A common gene variant separates early birds from night owls, and can even predict someone’s hour of death.

The findings—published in the November issue of the journal Annals of Neurology—could help people schedule anything from work to medical treatments, while offering clues to the conditions of vulnerable patients.

Andrew Lim, M.D., now an assistant professor in the division of neurology at the University of Toronto, noted in a statement that previous work in twins and families had suggested that people may inherit the lateness or earliness of their body clocks, while animal experiments suggested that specific genes affected the lateness or earliness of the biological clock.

Dr. Lim—then a postdoctoral fellow working in the lab of Beth Israel Deaconess Medical Center Chief of Neurology Clifford Saper, M.D., Ph.D.—and lab colleagues were studying why older people have trouble sleeping. He joined a research project based at Rush University in Chicago involving 1,200 people who signed on as healthy 65-year-olds and would receive annual neurological and psychiatric examinations.

The study’s original goal was to identify any precursors to the development of Parkinson’s disease or Alzheimer’s disease. Subjects were undergoing sleep-wake analyses, and had agreed to donate their brains after they died to provide scientists with information on sleep-wake patterns within a year of death.

But when Dr. Lim learned that the same subjects had also had their DNA genotyped, he joined his colleagues and investigators from Brigham and Women’s Hospital (BWH) in comparing the sleep-wake behavior of the patients with their genotypes.

The study findings—later verified in a volunteer group—uncovered a single nucleotide near a gene called “Period 1” that varied between two groups that differed in their wake-sleep behavior. At this site in the genome, 60% of individuals have the nucleotide base termed adenine (A) while the other 40% have the nucleotide base termed guanine (G). Since people have two sets of chromosomes, in any given individual there’s about a 36% chance of having two As, a 16% chance of having two Gs, and a 48% chance of having a mixture of A and G.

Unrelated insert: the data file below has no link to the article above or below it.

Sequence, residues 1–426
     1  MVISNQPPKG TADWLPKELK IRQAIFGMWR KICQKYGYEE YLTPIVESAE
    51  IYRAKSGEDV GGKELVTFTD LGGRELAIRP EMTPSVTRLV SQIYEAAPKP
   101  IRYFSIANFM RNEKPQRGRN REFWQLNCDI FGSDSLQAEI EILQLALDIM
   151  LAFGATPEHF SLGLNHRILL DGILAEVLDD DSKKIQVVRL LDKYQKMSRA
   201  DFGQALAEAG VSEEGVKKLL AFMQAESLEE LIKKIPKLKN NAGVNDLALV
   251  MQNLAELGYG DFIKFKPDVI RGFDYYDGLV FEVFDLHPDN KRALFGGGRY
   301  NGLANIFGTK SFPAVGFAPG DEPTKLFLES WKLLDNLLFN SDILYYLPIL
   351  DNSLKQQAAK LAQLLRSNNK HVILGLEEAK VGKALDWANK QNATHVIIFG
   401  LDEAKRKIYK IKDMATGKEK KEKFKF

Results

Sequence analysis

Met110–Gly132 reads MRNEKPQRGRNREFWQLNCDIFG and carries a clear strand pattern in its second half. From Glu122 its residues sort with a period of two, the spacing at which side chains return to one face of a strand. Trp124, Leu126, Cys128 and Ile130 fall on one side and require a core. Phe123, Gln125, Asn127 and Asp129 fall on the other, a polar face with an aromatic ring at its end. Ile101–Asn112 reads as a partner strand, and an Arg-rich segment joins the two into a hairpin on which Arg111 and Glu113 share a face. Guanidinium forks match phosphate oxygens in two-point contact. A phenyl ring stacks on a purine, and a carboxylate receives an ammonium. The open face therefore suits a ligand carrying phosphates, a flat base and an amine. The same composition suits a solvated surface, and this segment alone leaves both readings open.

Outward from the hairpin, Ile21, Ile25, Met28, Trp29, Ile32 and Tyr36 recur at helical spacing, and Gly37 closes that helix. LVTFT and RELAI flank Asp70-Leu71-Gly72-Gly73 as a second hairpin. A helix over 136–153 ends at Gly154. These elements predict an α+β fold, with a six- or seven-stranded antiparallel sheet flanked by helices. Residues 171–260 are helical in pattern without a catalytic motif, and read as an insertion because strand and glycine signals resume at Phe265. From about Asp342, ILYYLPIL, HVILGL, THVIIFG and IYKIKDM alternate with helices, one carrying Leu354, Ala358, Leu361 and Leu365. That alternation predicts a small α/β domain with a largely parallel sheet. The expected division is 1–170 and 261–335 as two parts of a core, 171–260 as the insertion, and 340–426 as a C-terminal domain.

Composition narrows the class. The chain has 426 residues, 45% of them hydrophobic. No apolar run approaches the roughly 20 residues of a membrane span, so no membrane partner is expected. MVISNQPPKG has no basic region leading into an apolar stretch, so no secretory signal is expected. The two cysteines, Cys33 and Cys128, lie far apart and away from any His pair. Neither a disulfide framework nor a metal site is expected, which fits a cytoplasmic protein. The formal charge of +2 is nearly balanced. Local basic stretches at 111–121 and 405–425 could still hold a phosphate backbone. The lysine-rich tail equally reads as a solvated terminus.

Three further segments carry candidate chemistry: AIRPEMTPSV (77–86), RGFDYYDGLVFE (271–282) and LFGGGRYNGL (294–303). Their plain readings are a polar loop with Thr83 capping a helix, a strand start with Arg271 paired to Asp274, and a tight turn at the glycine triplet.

“People who have the A-A genotype wake up about an hour earlier than the people who have the G-G genotype, and the A-Gs wake up almost exactly in the middle,” Dr. Saper, who is also the James Jackson Putnam Professor of Neurology and Neuroscience at Harvard Medical School, said in the statement. He added that expression of the Period 1 gene was lower in the brains and white blood cells of people with the G-G genotype than in people with the A-A, but only in the daytime when the gene is normally expressed.

When investigators re-examined patients who died, they found that this same genotype predicted six hours of the variation in the time of death: those with the A-A or A-G genotype died just before 11 a.m., the average time, while those with the G-G on average died at just before 6 p.m.

Dr. Lim said future studies will look to determine the mechanisms by which this and other gene variants influence the body’s biological clock. The research, he said, could help people optimize their schedules, and yield new therapies against disturbances of this clock such as jet lag or shift work.

The study was supported by grants from NIH as well the Canadian Institutes of Health Research Bisby Fellowship, an American Academy of Neurology Clinical Research Training Fellowship, and a Dana Foundation Clinical Neuroscience Grant.

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